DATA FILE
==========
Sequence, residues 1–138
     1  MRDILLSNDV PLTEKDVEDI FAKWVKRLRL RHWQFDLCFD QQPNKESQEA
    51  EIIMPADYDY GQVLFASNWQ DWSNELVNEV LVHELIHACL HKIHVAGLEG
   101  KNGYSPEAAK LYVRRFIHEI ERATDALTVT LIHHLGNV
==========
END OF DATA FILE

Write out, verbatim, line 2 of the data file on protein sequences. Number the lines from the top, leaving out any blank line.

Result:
     1  MRDILLSNDV PLTEKDVEDI FAKWVKRLRL RHWQFDLCFD QQPNKESQEA